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Insurers need to offer customers more

01 April 2021 Myra Knoesen

The Insurance Institute of Gauteng (IIG) recently hosted an IIG webinar, on the industry outlook for 2021, giving insights into both the local and global landscapes.

The global and local outlook

Jaco Van Der Merwe, Director at Deloitte said, “In formulating a view on the outlook for the industry (global and local), scenario development and planning becomes an indispensable tool.” 

“It is not so much about what will happen, but rather about what could happen. Insurers must prepare for the future… respond, recover and thrive. Scenario planning is key to understanding the future,” he added. 

Acceleration and deceleration

“Covid-19 may accelerate or decelerate certain industry trends. In terms of acceleration, social distancing has already driven further adoption of contactless technologies and digital experiences. More new businesses launched will likely be digital or -native, further accelerating emerging technologies. Many organisations have already adjusted to working remotely through virtual communication and collaboration channels and are unlikely to revert entirely. The consumer will expect safety and precautionary measures from both brands and governments driving the need for enhanced surveillance policies and technologies among employers and governments, which may pose potential privacy concerns. Rising activism among consumers and employees could drive an increased focus on corporate purpose. Value chain disruption is likely to lead to an increase in creative partnerships, which may in turn cause organisations to further invest in developing the mindset and agility to collaborate across sectors in the ecosystem. Cost management will be a critical priority to ensure business continuity based on cash flow requirements, to manage lower margins and revenues during a downturn,” said Van Der Merwe. 

“In terms of deceleration, the rising health and hygiene concerns and increased virtual work may reduce demand for shared services, as well as physical co-working spaces. While urbanisation has been growing steadily, social distancing amid rising fears of contagion may reduce the likelihood of people living and working in crowded cities. Based on likely government restrictions, the movement of people and goods across national borders could decrease,” added Van Der Merwe.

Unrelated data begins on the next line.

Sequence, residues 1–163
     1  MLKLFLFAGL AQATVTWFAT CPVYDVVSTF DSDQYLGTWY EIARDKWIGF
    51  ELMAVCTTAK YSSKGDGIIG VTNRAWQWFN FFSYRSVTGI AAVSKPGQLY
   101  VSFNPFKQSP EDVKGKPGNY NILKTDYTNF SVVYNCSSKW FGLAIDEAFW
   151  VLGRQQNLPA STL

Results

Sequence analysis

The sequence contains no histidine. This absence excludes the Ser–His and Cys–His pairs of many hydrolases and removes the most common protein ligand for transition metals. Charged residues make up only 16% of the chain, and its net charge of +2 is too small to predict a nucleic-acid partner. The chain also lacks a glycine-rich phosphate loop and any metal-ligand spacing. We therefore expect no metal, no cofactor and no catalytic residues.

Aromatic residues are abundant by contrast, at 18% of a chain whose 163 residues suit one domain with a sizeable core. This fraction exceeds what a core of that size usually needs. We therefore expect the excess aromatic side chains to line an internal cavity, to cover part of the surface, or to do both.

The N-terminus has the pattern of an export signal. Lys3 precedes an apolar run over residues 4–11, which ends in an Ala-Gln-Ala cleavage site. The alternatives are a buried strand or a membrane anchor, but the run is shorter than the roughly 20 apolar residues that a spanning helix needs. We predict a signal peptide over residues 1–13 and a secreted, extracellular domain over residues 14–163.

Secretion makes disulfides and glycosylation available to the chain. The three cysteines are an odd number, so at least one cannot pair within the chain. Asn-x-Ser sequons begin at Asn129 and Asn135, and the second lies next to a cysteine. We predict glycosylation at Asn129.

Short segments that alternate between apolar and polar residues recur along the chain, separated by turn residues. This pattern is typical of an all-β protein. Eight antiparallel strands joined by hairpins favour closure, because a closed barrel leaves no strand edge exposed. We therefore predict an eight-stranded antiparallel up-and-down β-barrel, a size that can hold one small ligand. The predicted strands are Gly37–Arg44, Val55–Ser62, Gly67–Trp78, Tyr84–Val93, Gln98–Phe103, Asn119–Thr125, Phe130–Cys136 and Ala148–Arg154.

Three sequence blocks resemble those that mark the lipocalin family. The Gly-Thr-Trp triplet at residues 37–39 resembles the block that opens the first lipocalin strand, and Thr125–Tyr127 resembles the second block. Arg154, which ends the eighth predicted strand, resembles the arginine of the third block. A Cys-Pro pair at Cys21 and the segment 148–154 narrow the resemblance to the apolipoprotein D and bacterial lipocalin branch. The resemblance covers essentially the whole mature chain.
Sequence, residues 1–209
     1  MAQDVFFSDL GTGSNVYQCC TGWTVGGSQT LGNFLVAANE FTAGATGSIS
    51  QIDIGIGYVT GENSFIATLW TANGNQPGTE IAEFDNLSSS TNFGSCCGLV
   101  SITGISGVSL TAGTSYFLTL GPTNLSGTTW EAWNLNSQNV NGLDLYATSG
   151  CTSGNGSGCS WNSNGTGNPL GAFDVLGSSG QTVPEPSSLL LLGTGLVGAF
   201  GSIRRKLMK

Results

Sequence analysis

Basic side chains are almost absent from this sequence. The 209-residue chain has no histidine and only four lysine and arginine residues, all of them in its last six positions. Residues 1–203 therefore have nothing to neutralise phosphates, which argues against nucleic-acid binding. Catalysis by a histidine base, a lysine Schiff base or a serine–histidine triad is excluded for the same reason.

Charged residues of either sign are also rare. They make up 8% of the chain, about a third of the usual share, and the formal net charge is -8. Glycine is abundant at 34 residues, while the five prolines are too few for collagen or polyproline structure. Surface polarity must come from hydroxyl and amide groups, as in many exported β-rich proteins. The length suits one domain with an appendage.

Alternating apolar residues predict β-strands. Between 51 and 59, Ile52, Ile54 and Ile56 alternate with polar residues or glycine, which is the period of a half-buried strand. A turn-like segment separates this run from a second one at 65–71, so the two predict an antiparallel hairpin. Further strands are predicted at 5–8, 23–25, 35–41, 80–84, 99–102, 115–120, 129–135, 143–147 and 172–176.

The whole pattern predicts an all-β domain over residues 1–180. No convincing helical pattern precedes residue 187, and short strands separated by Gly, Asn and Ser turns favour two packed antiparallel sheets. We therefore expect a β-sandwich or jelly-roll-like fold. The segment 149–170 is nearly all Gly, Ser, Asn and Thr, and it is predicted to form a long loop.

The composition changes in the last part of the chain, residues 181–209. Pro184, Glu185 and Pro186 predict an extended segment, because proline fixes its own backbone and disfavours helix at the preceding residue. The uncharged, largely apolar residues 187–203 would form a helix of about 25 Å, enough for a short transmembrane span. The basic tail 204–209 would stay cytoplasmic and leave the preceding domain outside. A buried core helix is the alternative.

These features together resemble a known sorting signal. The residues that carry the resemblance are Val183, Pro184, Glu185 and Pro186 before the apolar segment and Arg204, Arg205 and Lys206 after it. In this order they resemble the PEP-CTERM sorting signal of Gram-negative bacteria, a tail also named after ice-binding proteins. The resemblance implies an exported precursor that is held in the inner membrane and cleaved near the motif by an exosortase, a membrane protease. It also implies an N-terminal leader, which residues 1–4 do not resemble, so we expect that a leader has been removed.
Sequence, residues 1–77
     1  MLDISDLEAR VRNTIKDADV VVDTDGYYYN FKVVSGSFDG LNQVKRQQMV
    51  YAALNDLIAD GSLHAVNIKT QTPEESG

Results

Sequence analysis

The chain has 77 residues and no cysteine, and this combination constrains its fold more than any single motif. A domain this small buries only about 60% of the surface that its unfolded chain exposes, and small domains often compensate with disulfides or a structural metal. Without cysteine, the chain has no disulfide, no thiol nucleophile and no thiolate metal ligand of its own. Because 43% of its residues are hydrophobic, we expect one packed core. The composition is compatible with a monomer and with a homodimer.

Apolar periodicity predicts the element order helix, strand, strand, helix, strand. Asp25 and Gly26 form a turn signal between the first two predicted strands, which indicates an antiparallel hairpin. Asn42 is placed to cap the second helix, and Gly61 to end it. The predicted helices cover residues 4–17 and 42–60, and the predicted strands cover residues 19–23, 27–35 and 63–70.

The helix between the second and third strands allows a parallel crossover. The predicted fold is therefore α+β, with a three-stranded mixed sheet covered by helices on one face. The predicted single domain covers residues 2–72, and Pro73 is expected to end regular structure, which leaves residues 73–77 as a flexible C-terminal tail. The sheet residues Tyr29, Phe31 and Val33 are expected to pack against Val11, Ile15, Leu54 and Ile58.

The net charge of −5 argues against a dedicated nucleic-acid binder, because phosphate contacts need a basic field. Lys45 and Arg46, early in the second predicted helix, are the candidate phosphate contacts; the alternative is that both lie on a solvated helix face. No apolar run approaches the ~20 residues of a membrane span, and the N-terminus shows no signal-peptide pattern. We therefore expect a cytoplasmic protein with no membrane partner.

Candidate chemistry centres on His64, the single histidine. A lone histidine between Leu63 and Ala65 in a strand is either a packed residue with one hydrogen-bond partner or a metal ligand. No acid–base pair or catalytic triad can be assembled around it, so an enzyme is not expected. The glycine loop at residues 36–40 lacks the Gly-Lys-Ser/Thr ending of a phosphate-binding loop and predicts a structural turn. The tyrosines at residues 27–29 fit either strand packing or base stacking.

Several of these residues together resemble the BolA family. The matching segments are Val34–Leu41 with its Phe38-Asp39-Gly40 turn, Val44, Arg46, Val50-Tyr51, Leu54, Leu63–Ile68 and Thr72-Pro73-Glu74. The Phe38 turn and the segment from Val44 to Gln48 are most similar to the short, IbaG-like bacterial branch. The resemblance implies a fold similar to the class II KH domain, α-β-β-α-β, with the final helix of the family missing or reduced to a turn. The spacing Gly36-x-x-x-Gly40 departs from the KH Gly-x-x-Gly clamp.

Four driving insurance trends 

“Industry trends are informed by changing consumer trends. Consumers are financially strained, so as insurers we need to offer customers more when they have less to spend,” he said. 

“Perceived value is crucial to attract new business and retain existing clients. Rewards, incentivisation and flexible solutions with varying terms will be the differentiators. In terms of a saturated and highly disrupted market, do not fear the disruption but rather embrace it. M&A opportunities will present themselves where large traditional players are likely to partner with innovative tech players to capitalise on new and disruptive tech capabilities. There is also a risk of limited avenues for growth. New markets, smart partnerships and smart products are the solution. The growing middle class, underpenetrated lower-income market and an aging population present attractive demographics yet to be fully penetrated,” added Van Der Merwe. 

The four driving insurance trends, according to Van Der Merwe, are: 

  1. Digitisation: the use of contactless technologies and digital experiences, as well as emerging technologies e.g., analytics & sensing;
  2. Consumers trading down: seeking lower-cost options to curb non-essential spend (most consumers regard insurance as non-essential);
  3. Market opportunities for growth through innovative, disruptive tech-players. M&A activity seems a likely avenue for growth; and
  4. Increased use of automation: remote assessment, claims approvals, fraud detection, robo-advisers. 

Opportunities for the industry

“There are opportunities for the industry such as, for example, the ability to dynamically alter benefit offerings to be more in line with changing consumer needs and desires. The successful insurers are those than can respond swiftly through product tailoring, curb lapses and churn, and support continued new business growth on profitable terms. There is also the opportunity to partner with nimble tech-savvy players and proactively capitalise on new and disruptive ways of providing insurance. And lastly, there is the ability to adapt and become more than just a risk “protector”: insurers who can offer additional services and lifestyle partners to actively reduce risk, become preferred providers and see increased customer loyalty,” concluded Van Der Merwe. 

Writer’s Thoughts:
As Van Der Merwe said, scenario development and planning is an indispensable tool. Insurers must prepare for the future… respond, recover and thrive. Do you agree? Please comment below, interact with us on Twitter at @fanews_online or email me - [email protected].


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